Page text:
The post had its fair share of supporters.
"I applaud your bravery even after your resources to conduct your business in safety were lost. I hope that your thirteen hours of exposure do not harm you later on but that is not how the brave think," said one Facebook user.
RIDE TO REMEMBER
A simple chance encounter between a deaf driver and his passenger in Singapore has been warming the hearts of many Facebook users.
Financial adviser Li Guangtong was at first puzzled when he boarded his ride last Friday night as the driver appeared unresponsive when spoken to.
When Mr Li realised the Uber driver, named Andrew in the social media post, had a hearing disability, he decided to sit in the front passenger seat instead of staying at the back.
Mr Li says the 25-minute journey which followed was an enriching, yet humbling experience.
"Being a talkative person by nature, words cannot describe how uncomfortable it was for me that the person beside me could not communicate with me in the way I know how," he said.
But he soon found a way to communicate - by typing messages through the phone.
Andrew's history soon became known to Mr Li. He was born deaf and was a lighting and electrical draftsman before losing his job.
He took up driving in order to support his family - a wife who also had hearing disability, and three children who can hear and speak.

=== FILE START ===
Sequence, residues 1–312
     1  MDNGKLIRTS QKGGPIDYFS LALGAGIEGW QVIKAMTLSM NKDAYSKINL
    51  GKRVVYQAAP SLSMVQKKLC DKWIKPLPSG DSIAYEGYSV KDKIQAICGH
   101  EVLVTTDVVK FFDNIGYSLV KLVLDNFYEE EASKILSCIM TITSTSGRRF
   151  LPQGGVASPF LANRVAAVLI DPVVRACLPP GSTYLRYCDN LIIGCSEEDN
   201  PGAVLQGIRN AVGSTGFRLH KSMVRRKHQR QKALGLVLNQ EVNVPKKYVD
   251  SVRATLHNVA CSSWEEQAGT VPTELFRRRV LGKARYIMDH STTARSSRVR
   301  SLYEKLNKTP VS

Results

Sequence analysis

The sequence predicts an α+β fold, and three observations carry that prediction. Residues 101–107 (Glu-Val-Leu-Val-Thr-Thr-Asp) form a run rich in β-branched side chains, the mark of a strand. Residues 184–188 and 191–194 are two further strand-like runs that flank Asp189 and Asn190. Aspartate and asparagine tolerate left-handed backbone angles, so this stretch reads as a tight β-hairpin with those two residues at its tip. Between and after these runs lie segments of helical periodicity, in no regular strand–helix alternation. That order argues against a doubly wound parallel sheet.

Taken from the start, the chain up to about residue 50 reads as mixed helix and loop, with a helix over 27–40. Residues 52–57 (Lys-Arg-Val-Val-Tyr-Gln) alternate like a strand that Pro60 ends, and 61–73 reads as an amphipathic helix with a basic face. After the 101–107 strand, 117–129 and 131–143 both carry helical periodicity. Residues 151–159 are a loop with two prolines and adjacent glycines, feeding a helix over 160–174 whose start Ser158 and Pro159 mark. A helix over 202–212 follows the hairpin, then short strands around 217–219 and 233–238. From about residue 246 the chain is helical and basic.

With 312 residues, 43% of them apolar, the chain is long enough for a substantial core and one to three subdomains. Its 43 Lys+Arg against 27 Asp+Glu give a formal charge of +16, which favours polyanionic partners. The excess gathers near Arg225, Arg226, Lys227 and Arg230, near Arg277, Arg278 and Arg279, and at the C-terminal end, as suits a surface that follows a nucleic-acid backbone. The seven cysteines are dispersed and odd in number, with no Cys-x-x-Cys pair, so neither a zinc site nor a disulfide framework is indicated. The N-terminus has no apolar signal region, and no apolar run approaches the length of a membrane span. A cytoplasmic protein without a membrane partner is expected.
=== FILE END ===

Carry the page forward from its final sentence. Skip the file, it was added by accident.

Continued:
When Mr Li alighted, he persuaded Andrew to accept a $50 tip to buy something nice for his children.
"I realised my $50 is small compared to the valuable lessons I learnt in this short time," said Mr Li in a post that has attracted 7,000 likes, comments and shares.
Mr Li was inspired by Andrew's attitude, courage and sense of responsibility. "If we slowed down a little to reflect, (our challenges) can be solved as long as our heart is healed first," he said. "It's always about perception and attitude."
JUSTICE WITHIN ARM'S REACH
Imagine an app that records a video and sends it off to the police department as soon as the recording stops.
While it certainly sounds useful, the twist here is that it is not meant for criminals.
The rise in the number of videos depicting police brutality in the United States has led to reports of more officers attempting to confiscate evidence before it gets released on social media.
The circumstances surrounding the death of Mr Alton Sterling earlier this month is one such example.
The owner of a convenience store where Mr Sterling was shot point blank several times by the police said the officers stole his surveillance tapes, confiscated his cell phone and locked him up for four hours.
Mr Sterling's death led to mass protests and an investigation by the US Department of Justice.
The app called Mobile Justice, with the tagline, "Justice is within your reach", aims to prevent the wrongful confiscation of evidence.
It was put out by the American Civil Liberties Union, and covered only a handful of states. It also has a "witness" feature which allows other users to detect a person's location, and rush over in case things go badly.
It was released more than a year ago, but has been making its rounds as more states were added to the app's database in response to heightened tensions between the police and the public.
A version of this article appeared in the print edition of The Sunday Times on July 24, 2016, with the headline ''Do you see what I see?''. Print Edition | Subscribe